Even the slightest height inequity sets a tone.
I pulled kids to the carpet for Read Aloud. (Notice the emphasis?)
This time of the year, students become a little resistant. They are comfortable with me and more self-conscious about their 10 to 11-year old bodies. Add in a bit of fatigue and sunshiny day and there is a recipe for even the most willing to start to lingering at their desks when called to the carpet. I can see this thought on their faces: Am I a little too old for carpet sitting?
I saw an open space on the carpet; just big enough for me. I grabbed A Writing Kind of Day by Ralph Fletcher and sat down in that spot. I leaned back against the corner of the bookshelf. We were knee to knee, eye to eye. K laughed and said, “This is so weird!”
I opened to Poetry Recipe and started to read, til we got to the end …
I picked up my best friend’s pen
that I’ve kept in my drawer
ever since he moved away.
I took a deep breath,
opened my notebook,
and started to write.
They sat listening. Mouths open.
Just like Ralph,
a someone or something
you know, miss, or care about.
Open your notebook.
Put yourself there.
Look, smell, feel, hear.
In you mind,
look to the left,
write what you see.
Now to the right,
write what you smell.
Reach out in your mind’s eye,
write what you feel.
Close your eyes
Write what you hear.
They sat and wrote
on the carpet.
This week I celebrate Read Aloud’s superpower: flexibility.
Read aloud allows us to adjust our stance with students and text. Sometimes were are in the thick of it. Sometimes we listen in, observe; coach; direct. Sometimes we take our pens and study text. Letting the words move our pens, as thinkers, as readers, as writers. And sometimes we let words wash over us.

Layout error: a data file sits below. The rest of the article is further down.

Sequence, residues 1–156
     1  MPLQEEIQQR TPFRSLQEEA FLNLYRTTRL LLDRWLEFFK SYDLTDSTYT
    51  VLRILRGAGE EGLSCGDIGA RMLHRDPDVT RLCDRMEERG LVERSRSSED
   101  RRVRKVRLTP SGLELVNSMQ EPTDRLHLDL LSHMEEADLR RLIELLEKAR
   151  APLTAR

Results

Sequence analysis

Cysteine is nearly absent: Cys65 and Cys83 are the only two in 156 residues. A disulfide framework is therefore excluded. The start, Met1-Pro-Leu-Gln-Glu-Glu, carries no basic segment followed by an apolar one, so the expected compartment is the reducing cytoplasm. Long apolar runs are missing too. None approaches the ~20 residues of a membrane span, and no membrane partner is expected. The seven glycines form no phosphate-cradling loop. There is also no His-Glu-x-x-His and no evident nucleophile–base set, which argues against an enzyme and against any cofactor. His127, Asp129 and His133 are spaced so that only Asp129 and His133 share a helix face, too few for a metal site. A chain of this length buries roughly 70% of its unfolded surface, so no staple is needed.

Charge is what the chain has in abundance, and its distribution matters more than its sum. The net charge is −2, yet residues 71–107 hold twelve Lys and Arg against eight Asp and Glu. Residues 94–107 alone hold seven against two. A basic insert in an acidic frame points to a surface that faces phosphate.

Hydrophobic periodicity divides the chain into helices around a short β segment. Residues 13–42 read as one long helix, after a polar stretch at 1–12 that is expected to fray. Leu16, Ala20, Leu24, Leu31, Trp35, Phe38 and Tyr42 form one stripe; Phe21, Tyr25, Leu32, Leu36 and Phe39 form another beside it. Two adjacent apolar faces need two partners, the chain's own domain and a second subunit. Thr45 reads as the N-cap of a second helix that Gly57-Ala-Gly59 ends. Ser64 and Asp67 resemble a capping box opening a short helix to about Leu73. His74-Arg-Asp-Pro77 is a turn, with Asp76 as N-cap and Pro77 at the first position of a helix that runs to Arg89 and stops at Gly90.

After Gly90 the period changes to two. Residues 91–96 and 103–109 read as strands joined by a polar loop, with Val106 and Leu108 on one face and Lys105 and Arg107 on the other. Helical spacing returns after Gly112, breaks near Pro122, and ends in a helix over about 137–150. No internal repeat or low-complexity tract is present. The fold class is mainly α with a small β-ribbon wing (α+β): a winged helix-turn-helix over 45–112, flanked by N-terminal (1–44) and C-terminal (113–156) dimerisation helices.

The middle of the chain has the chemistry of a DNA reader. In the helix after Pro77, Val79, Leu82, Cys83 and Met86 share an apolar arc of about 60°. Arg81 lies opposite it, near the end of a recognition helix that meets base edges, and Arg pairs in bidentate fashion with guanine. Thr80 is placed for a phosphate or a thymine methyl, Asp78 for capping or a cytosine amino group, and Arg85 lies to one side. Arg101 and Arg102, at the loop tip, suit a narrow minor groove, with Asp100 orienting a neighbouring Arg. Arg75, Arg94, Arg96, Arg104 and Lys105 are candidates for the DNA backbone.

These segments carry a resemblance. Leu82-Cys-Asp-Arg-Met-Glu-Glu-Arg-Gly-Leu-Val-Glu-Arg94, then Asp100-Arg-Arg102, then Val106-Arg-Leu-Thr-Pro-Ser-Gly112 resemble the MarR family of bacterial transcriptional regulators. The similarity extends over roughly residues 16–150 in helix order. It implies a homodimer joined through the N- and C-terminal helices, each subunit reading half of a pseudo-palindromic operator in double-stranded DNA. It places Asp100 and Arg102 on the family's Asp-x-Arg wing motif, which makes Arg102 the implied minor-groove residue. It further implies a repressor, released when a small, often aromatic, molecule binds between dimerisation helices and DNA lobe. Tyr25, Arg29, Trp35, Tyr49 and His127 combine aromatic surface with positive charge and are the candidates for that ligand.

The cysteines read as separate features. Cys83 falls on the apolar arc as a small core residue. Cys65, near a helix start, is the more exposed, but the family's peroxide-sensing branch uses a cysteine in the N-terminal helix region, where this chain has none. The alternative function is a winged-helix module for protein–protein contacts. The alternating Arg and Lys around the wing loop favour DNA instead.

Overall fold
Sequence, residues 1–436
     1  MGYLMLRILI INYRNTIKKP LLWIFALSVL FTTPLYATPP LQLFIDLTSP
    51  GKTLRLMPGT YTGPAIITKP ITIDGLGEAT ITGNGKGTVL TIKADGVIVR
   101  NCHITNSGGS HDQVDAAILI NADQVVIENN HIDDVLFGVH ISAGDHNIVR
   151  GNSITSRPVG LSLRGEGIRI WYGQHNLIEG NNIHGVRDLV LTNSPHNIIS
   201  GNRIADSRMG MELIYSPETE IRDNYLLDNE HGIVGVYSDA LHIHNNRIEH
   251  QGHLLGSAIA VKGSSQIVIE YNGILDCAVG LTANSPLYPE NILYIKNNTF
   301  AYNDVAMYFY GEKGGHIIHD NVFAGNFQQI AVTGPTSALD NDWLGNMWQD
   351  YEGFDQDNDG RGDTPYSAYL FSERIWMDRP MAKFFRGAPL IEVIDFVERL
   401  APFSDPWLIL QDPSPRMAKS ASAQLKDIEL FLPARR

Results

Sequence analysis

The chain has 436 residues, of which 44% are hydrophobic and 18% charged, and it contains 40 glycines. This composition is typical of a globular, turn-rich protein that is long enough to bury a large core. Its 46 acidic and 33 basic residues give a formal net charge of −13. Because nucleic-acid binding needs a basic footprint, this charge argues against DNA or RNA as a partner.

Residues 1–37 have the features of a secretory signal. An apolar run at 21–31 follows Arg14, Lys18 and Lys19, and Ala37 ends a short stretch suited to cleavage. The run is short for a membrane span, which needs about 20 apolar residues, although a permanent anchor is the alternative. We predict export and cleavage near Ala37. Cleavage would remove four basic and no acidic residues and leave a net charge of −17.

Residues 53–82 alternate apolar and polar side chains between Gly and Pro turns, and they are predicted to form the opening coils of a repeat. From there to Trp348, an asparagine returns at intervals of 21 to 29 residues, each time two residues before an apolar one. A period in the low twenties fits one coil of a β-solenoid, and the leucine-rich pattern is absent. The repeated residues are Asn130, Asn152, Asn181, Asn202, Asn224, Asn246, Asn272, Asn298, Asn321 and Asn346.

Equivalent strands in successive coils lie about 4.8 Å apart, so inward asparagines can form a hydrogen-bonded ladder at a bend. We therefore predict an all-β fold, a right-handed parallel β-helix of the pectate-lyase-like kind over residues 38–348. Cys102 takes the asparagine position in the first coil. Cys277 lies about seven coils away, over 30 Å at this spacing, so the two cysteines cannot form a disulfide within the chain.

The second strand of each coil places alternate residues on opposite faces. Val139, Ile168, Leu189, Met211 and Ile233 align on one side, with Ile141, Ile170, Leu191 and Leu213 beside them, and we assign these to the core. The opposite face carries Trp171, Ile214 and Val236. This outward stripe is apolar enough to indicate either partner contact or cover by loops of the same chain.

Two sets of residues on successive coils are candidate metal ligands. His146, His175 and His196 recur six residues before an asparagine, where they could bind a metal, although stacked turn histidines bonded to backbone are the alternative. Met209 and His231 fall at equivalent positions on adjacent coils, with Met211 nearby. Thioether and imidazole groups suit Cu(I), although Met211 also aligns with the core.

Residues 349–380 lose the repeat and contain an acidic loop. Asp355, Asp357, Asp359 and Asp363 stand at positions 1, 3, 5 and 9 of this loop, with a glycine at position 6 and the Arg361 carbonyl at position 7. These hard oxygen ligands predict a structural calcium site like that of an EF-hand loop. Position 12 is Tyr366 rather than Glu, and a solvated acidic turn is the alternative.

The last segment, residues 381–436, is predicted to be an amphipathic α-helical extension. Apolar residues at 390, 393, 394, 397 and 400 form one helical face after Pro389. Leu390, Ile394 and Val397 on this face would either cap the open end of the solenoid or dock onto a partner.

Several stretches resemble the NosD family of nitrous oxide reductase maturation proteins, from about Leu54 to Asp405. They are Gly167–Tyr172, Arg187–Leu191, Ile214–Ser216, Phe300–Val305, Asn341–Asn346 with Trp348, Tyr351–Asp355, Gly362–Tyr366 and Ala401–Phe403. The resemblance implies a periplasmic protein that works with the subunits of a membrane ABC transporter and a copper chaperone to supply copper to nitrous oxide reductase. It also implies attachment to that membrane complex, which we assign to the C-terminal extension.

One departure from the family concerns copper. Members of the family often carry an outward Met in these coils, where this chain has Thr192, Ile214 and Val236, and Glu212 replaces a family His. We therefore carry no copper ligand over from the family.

Writing beside them is nothing new. Sitting, in a place where a student usually sits, changes stance. Everything looks different, from my perspective and theirs. Read aloud lets me be with students. This week I celebrate being in their midst.
Thank you, Ruth, for Celebrate this Week. Read other celebrations here.
7 thoughts on “Celebrate: Read Aloud in their Midst”
Flexibility is key. Sensing the mood of the group, being in touch with the time of year, knowing when to pull back on the intensity of teaching…these are all indicators of a seasoned teacher who knows “his/her kids.” Don’t we all need a little gentle prodding now and then? I imagined myself sitting there with you and your students. It felt good,
I loved being right there with my students, too, Julieanne, & they were middle school aged, always had a favorite spot, & lucky us that we had a large living area. I love that line “this is so weird”. Good for you for making the weird happen!
I like how you sensed the height inequity and maybe even the power inequity and solved it by literally getting down on your students level. I will bet things looked different but more inviting to you and to them that day. How fortunate they are to have you to guide them along their paths.
Love this post of being in their midst and the invitation you gave them. It makes me want to sit down with your group, grab my notebook, and look, smell, feel, hear and write!
I love imagining you sitting in the midst of the carpet with your kids. A change of pace, or view, is always good to give kids a new perspective. I’m sure some good writing was done.
Beautiful and thanks for the reminder to change our point of view. 🙂
Writing alongside students is a gift you give them and yourself. These lines resonated with me: Letting the words move our pens, as thinkers, as readers, as writers. And sometimes we let words wash over us.